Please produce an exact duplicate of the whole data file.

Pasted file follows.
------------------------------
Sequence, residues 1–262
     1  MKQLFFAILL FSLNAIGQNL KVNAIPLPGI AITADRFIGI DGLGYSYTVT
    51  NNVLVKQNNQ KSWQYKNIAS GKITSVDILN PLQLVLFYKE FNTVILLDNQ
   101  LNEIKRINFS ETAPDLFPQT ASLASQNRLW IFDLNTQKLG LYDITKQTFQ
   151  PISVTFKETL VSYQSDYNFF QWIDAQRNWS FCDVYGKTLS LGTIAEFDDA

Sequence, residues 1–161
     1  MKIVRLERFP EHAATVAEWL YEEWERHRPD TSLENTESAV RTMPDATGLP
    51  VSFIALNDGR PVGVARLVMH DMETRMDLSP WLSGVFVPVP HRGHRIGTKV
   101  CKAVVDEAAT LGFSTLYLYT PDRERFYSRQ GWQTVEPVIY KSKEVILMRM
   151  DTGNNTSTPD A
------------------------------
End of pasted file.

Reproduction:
Sequence, residues 1–262
     1  MKQLFFAILL FSLNAIGQNL KVNAIPLPGI AITADRFIGI DGLGYSYTVT
    51  NNVLVKQNNQ KSWQYKNIAS GKITSVDILN PLQLVLFYKE FNTVILLDNQ
   101  LNEIKRINFS ETAPDLFPQT ASLASQNRLW IFDLNTQKLG LYDITKQTFQ
   151  PISVTFKETL VSYQSDYNFF QWIDAQRNWS FCDVYGKTLS LGTIAEFDDA

Sequence, residues 1–161
     1  MKIVRLERFP EHAATVAEWL YEEWERHRPD TSLENTESAV RTMPDATGLP
    51  VSFIALNDGR PVGVARLVMH DMETRMDLSP WLSGVFVPVP HRGHRIGTKV
   101  CKAVVDEAAT LGFSTLYLYT PDRERFYSRQ GWQTVEPVIY KSKEVILMRM
   151  DTGNNTSTPD A